For parents and their children, as well as for spouses, spending time together is central to the relationship and linked to well-being. We often hear about “quality time” with others, but what is meant by this? Recent social and technological changes may affect the amount of contact time between family members, including between spouses, and among parents and children. Moreover the kind of time parents spend with children and that partners spend with each other may be different than in the past. Screen time (or activities conducted through a portable electronic device such as a laptop computer, tablet, or phone) has increased profoundly, the content of what family members do may be more individualized, and technologies may allow paid work activities to intrude in many ways into family life. Against this backdrop, our panelists will discuss the meaning of family time together today, what it means to be together or “present” and how we can measure this, and the ways that people’s statuses such as gender, social class, ethnicity, and age matter for quality time together.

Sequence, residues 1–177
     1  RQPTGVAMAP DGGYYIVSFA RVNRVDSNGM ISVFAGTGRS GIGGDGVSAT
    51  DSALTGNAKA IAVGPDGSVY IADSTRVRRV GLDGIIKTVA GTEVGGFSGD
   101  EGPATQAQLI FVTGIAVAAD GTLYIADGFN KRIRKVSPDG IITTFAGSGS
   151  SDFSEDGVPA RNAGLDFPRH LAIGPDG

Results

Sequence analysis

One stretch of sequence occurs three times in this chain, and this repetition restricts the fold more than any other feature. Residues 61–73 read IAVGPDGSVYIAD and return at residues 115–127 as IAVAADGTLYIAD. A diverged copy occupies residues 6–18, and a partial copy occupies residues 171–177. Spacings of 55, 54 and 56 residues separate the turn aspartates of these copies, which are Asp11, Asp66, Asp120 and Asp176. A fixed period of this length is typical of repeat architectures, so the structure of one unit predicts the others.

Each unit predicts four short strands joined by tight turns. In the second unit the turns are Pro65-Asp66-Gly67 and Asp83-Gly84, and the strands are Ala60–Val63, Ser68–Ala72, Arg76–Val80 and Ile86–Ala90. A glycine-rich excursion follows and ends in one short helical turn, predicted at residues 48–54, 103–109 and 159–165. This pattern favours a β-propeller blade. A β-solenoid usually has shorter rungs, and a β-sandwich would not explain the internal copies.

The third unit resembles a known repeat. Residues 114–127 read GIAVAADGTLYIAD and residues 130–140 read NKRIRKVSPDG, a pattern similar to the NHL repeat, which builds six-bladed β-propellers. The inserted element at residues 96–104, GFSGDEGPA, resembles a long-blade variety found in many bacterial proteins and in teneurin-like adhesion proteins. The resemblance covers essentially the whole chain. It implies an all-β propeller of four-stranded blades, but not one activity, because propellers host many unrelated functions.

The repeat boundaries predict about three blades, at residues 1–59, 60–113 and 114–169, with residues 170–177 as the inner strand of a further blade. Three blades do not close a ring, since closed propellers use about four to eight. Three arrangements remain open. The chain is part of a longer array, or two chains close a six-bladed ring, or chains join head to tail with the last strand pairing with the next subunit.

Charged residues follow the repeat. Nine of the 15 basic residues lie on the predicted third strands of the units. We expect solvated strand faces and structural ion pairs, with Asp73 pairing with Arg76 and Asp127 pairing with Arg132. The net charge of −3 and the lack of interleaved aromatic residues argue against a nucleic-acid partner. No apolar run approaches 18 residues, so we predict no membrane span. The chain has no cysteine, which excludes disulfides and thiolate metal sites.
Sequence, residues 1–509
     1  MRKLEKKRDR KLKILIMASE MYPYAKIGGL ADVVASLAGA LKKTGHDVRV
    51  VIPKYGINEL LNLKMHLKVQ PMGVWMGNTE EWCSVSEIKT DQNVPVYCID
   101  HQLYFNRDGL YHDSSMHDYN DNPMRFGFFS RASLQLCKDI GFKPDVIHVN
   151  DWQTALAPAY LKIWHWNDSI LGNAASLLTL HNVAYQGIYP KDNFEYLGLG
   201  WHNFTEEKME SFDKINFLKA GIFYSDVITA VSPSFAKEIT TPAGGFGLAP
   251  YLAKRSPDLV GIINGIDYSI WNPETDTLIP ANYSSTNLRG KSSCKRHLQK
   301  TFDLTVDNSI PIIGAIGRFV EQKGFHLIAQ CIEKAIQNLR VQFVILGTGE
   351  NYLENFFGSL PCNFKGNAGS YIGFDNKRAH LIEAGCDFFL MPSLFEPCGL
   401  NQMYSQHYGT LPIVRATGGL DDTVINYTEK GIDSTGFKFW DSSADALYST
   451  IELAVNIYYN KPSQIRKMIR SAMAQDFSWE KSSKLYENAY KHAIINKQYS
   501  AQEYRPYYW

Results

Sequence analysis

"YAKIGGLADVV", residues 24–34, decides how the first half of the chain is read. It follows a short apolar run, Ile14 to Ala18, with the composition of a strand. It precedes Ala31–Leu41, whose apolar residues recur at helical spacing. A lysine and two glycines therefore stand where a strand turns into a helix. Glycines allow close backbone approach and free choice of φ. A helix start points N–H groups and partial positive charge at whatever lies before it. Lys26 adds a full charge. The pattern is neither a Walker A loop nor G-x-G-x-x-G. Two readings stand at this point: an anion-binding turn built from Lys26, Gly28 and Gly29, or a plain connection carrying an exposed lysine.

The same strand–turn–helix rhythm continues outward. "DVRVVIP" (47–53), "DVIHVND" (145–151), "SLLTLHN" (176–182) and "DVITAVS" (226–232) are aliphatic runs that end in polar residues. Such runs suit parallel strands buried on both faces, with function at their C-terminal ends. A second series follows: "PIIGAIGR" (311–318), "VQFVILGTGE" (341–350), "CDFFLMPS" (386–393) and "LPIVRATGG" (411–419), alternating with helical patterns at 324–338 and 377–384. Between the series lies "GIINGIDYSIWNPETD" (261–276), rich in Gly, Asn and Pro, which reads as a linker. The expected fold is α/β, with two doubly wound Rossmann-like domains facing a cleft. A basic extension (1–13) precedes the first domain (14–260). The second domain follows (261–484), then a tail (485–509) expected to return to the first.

Lynda Ashbourne, University of Guelph
Andrea Doucet, Brock University
Casey Scheibling, McMaster University
Jiri Zuzanek University of WaterlooTags: Children and Youth, Parenting and Families, Research Methods
Organizer: Melissa Milkie, University of Toronto